They've got a read-only switch on the cartridge.
Swapping the drives can be entrusted to any conscientious employee, as with tape, to bring off-site each day, without drive letter issues etc.
Some of us are really annoyed by small business LTO tape drives failing us when they are needed.
The 3K entry pricing for LTO4 is just too steep for many; let alone having a second drive in case of failure.
With RDX, it's only the media that needs to be replaced when the backup set grows, the media is more reasonably priced now than it was.
Transfer speed is lacking though.
Sounds that it would be of more value put into service as bulk radiation shielding for a habitable structure, Dense, corrosion resistant, fairly low toxicity, and could mop up stray hydrogen.
On a related topic,
do others still have the issue of the windows 7 and 8 patches that are "update(s) that enables you to upgrade to a later version of Windows." still damaging the performance of their PC with high CPU use?
It shows in process explorer as
And run by windows scheduler. It's supposed to stop after 30 minutes, but doesn't appear to.
Installed by the updates KB 2990214 patch for Windows 7 (and KB 3044374 for Windows 8.1) in February and purpose is recording application telemetry.
Sneaky hamstringing of computers on the old OS? Surely not.
And down the line, will the holders of these computers be encouraged to be tie into the Microsoft Wifi / Skype Wifi service as some sort of second-tier wifi partner?
Refuse the demands to create a Microsoft account in windows 8/ 10, use a local computer account instead, and this won't operate, I think, on your one computer.
As I understand it, the wifi sense shared configuration is supported to isolate them from the local network, allow me my doubts..
Are there any low cost, non-techie, manageable radius server + GUI implementations for small offices that mix Mac, PC, android and high numbers of guests?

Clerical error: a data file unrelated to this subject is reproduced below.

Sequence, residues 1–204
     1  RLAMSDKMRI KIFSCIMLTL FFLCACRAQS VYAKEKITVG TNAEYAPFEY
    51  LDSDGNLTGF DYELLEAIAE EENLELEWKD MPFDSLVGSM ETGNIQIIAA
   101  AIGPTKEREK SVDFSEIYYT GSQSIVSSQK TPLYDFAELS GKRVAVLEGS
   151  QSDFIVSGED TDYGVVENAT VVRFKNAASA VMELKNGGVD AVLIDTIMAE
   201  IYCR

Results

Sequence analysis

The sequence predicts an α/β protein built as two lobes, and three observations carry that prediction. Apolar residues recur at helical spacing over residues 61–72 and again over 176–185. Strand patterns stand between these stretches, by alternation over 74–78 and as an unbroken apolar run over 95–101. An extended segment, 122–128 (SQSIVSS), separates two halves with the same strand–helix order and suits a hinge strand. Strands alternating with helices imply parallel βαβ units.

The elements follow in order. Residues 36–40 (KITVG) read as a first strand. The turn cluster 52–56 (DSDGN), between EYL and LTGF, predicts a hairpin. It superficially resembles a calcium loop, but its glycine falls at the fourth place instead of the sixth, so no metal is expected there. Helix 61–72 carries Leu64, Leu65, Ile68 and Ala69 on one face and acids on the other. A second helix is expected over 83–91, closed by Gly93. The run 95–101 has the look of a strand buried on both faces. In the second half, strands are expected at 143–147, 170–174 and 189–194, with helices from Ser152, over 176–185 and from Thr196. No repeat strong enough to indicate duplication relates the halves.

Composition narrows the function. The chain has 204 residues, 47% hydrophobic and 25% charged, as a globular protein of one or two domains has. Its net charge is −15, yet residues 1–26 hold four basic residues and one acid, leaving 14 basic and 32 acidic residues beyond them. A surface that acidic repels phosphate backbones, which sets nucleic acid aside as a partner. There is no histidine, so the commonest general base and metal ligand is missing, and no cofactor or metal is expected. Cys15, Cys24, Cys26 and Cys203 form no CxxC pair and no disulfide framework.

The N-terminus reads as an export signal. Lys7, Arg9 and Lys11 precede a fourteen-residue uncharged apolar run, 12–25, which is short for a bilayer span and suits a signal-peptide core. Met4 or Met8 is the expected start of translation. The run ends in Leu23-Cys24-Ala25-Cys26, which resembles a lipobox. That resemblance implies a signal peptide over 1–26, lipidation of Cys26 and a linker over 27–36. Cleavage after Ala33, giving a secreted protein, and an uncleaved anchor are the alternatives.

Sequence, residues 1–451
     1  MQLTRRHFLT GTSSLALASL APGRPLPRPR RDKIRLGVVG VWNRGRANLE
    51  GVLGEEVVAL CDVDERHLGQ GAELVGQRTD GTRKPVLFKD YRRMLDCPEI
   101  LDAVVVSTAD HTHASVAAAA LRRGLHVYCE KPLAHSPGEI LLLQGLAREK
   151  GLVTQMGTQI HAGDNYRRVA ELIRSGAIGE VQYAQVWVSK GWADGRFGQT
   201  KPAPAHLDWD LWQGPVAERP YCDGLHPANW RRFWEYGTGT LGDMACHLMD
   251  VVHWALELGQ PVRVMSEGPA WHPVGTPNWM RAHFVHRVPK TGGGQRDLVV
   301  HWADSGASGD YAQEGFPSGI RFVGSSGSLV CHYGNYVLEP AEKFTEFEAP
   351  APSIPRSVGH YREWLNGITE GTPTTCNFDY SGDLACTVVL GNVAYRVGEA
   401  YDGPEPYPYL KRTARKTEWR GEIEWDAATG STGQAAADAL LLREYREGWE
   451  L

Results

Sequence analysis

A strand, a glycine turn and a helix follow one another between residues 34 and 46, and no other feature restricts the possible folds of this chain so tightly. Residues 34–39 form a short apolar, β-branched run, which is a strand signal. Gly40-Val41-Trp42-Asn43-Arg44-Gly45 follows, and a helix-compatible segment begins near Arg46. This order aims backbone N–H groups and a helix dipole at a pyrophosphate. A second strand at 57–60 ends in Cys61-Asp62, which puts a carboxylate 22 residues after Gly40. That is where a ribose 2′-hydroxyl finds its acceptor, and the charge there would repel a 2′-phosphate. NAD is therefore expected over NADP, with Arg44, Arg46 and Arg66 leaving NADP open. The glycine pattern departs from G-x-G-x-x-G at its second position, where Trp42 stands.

That daloradius + freeradius software on a beaglebone or edgemax?
Looks like a radius server can be added fairly simply to a Synology or QNAP small office device.
Yeah, powershell for office 365 has been essential since the start to do even basic things like creating a transport rule to block exe, scr executable attachments; mailbox statistics etc,.as the ECP web ui is way way way too limited.
The announcement is for this http://powershell.office.com/get-started website to get people started with this setup.
As for the anon above (might be the same person or not),
my problem was with this person (me) in windows camp not knowing enough about windows?
Slight mitigation, that it's under
properties \ security \ Advanced \ Add Permission entry \ Show advanced permissions
so hadn't visited that area of dialog boxes before, nor heard of icacls, and not a clue how to implement in powershell.
Contrast that to the execute bit, which is up front and obvious, off by default, taught in the first day to anyone learning any scripting on other file systems and web servers, and is harder to set remotely than a file extension.
Might at least cut down on the old
filename.docx <space space space>.exe
compromises for certain old people, and get them to ask for help.
>> compromising a current Windows system that is kept up to date by knowledgeable people who are unlikely to fall for common tricks... is hard to do
Yes. And Valve steam, apt / yum, ninite etc demonstrate that the update process for applications and windows update itself could be far more friendly and less fault-prone if Microsoft put effort into it; instead we have every company with their own second-rate update service, changing your home page in the process; scheduled to fight with each other at boot time.
It's windows app store effort is poor in comparison. Can't even record and redeploy our OEM / Retail MS Office licenses from it; that's yet another website mess.
Windows home and SBE licensing up to now has compounded the problem.
You bought a pretty laptop with Windows vista ultimate / Pro? No affordable upgrade to an windows 7 home for you without a complete wipe. So will not be done.
- Microsoft loses potential upgrade revenue for 8 years, (OS followed by Office, services, apps)
- the affected customer associates Microsoft with obsolescence and viruses, when one of their 300 windows updates fails and breaks the windows update service, blocking the rest.
- Developers end up with the costs of supporting XP for 20% of the market.
Can't that SKU stuff just be an aftermarket feature like media centre, downgradable as well as upgradable?
And even the supported upgrades for 8 and 10 are so horribly fault prone, with hours wasted on the "Reverting" process. Wouldn't it be nice if the old and new OS could sit side-by-side with the old as a reserve for a week. In theory it can be done, at the expense of diskspace.
Maybe there's someone high up in Microsoft that thinks that free as in freedom software means every thread is entitled to a right to totally control it's environment.